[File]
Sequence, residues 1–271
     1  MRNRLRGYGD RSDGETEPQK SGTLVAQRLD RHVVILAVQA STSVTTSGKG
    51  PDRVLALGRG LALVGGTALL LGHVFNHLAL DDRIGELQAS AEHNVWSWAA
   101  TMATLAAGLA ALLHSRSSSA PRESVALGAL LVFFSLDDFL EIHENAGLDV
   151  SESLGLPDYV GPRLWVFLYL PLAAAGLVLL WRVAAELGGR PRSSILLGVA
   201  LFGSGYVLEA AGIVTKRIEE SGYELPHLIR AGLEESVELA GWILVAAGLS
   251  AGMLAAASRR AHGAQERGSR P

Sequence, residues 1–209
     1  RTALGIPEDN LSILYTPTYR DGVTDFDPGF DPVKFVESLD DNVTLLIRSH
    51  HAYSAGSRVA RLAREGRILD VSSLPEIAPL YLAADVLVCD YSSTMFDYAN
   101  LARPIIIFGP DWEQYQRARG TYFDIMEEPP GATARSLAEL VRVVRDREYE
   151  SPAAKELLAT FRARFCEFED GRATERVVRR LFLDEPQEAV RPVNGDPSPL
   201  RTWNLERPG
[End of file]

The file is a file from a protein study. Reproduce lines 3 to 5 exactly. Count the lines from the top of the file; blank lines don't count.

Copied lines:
    51  PDRVLALGRG LALVGGTALL LGHVFNHLAL DDRIGELQAS AEHNVWSWAA
   101  TMATLAAGLA ALLHSRSSSA PRESVALGAL LVFFSLDDFL EIHENAGLDV
   151  SESLGLPDYV GPRLWVFLYL PLAAAGLVLL WRVAAELGGR PRSSILLGVA